In a 1969 speech, then-President Richard Nixon directly addressed the “silent majority” of Americans who he hoped would support his middle path policy on Vietnam. The speech itself, if you read it, is rather banal and unremarkable, but the turn of phrase came to be a powerful icon of the politics of the era. At a time when American society seemed in many ways to be pulling apart, Nixon argued for stability.
And with that phrase, he offered recognition to the large number of Americans who were neither Black Panthers nor Klansmen, neither war hawks nor hippies, just basically normal middle-class white people who rejected Jim Crow without embracing Black Power, disliked the war but disliked communism even more.
Nixon’s presidency itself descended into oblivion, but his silent majority of hard hats and conformists carried forward, dominating American politics for the rest of the 20th century. Under George W. Bush, Republican rhetoric took a different turn — more overtly pious and messianic — but in the wake of Bushism’s self-discrediting collapse, Nixonian themes have strongly reemerged under the leadership of Donald Trump.
Trump-branded signs intoning the slogan “THE SILENT MAJORITY STANDS WITH TRUMP” festoon his rallies, and optimistic writers invoke the notion of a silent majority to tout theories that the polls are undercounting Trump voters.
But though Trumpniks are certainly the demographic descendants of Nixon’s white working-class silent majority, the basic reality is that they are anything but silent. Trump’s rallies are, as Trump would be the first to tell you, enormous, raucous affairs. He brings in big ratings. He attracts constant coverage, and so do his supporters, in the form of endlessly writerly explorations of the agonizing anxieties of “Trump Country” communities afflicted by everything from deindustrialization to opiate addiction to an influx of immigrants from the Dominican Republic.
Nor, crucially, are the Trumpniks a majority. Polls give every indication that Hillary Clinton is going to beat Trump, just as she beat Bernie Sanders — who also drew larger rally crowds and more think pieces than she did — in the Democratic primary. Clinton crowds aren’t as big, and her voters aren’t as loud or as interesting to the media. But there sure are a lot of them. And it’s about time we acknowledge them and their emergence as a new silent majority that reelected America’s first black president and is poised to elect its first woman.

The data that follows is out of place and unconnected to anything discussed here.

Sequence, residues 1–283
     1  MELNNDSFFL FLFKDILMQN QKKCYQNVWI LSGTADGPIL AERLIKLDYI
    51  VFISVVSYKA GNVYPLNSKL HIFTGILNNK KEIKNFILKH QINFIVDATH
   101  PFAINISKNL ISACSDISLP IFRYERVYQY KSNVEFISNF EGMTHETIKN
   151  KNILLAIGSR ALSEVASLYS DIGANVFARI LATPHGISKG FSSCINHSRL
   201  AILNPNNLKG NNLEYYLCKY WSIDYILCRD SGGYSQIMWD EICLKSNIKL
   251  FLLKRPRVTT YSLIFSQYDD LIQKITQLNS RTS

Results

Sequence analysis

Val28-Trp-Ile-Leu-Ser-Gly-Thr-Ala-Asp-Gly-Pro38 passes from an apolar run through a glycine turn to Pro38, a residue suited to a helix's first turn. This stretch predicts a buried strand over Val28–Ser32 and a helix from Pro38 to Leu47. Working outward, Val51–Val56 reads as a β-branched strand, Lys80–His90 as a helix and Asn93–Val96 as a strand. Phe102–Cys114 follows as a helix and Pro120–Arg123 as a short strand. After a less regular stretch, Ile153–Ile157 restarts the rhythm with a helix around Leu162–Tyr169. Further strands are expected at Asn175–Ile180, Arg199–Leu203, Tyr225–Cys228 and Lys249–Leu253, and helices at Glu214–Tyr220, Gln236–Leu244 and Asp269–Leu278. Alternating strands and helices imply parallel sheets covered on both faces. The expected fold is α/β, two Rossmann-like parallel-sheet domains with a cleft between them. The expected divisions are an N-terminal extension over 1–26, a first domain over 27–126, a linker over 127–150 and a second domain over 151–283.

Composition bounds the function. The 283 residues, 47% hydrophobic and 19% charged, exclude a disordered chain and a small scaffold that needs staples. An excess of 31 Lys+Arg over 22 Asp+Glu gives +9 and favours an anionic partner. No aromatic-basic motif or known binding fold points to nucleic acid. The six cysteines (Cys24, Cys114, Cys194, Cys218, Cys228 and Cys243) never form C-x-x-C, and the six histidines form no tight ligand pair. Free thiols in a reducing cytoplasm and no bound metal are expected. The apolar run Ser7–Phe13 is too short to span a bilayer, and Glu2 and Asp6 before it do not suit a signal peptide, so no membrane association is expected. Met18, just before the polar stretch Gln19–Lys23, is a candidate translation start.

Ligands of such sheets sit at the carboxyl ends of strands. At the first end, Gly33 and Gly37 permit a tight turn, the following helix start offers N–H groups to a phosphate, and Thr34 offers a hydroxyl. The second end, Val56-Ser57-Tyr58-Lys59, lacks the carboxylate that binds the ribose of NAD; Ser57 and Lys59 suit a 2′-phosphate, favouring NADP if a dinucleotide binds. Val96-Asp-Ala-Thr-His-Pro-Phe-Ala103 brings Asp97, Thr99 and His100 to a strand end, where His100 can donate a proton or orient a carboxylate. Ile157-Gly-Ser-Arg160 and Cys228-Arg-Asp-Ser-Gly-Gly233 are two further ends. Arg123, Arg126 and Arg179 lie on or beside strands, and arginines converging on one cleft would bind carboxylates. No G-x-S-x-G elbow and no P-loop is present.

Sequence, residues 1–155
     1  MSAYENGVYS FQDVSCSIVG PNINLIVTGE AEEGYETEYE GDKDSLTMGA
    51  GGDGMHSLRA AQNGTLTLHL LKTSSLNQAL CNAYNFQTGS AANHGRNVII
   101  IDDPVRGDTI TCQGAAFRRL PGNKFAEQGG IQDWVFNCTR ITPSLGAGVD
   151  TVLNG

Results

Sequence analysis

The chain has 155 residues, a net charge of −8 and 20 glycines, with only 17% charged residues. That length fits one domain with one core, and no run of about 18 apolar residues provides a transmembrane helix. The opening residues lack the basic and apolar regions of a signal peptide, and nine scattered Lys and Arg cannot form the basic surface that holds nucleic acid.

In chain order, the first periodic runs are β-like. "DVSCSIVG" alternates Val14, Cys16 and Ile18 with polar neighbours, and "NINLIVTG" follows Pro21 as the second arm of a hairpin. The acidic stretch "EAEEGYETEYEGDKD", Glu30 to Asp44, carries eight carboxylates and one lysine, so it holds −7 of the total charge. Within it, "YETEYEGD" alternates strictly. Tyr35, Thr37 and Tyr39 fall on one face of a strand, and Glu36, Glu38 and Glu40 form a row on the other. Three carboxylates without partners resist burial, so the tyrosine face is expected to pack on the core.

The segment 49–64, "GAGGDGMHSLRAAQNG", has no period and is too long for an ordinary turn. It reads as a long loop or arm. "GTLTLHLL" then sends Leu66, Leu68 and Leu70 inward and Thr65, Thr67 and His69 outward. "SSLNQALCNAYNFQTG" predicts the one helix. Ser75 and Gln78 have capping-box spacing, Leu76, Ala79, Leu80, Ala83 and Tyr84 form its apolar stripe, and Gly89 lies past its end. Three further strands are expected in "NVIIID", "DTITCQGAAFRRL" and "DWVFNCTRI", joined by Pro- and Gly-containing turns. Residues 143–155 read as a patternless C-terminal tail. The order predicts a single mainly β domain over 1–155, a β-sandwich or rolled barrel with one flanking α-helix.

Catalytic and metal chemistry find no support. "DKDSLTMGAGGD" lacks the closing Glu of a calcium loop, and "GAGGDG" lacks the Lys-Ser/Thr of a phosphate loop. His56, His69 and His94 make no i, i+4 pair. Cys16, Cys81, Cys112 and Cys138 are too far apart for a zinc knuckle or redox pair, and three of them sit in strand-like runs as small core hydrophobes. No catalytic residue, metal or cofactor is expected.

The new silent majority is minorities and educated women
In 1972, Nixon’s silent majority, grounded firmly in the white working class, delivered a smashing victory for the GOP, dashing the hopes of George McGovern supporters that a new coalition of young white professionals and racial minorities could upend American politics. Forty-four years later, America is facing another silent majority election — one in which the story has been all about Trump’s supporters but the victory will go to Clinton’s.
Ironically, the basic contours of the coalitions are essentially the same as in Nixon’s day.
Data from the Pew Research Center shows that Republicans enjoy the allegiance of the vast majority of white voters without a college degree — a trend that Trump will, if anything, accelerate. Democrats, meanwhile, enjoy overwhelming majorities among people of color, who now comprise almost 40 percent of their party — a trend that Trump will, again, accelerate. White Democrats these days are mostly college graduates, and mostly women. And while white male Democrats will back Clinton over Trump, they went pretty overwhelmingly for Sanders in the primaries. Clinton’s core coalition is composed of racial minorities and well-educated women, especially unmarried ones.
Clinton also enjoys the support of more than 70 percent of LGBTQ Americans and is trouncing Trump with Jewish voters by higher margins than any 21st-century Democrat.
The new silent majority is quiet
Clinton led in the Democratic primary from the first day to the last, and has consistently led in general election polling since the beginning of the campaign. Yet the Clinton voter has not made the same kind of impression on the media, in part because the new silent majority voter offers less visible evidence of being fired up and the new silent majority’s signature politicians — Clinton and Obama — do not do grand performance of anger, even at a time when rage is all the rage in American politics.
This is almost certainly not a coincidence. As Rebecca Traister wrote after the Iowa caucus, “No one likes a woman who yells loudly about revolution”: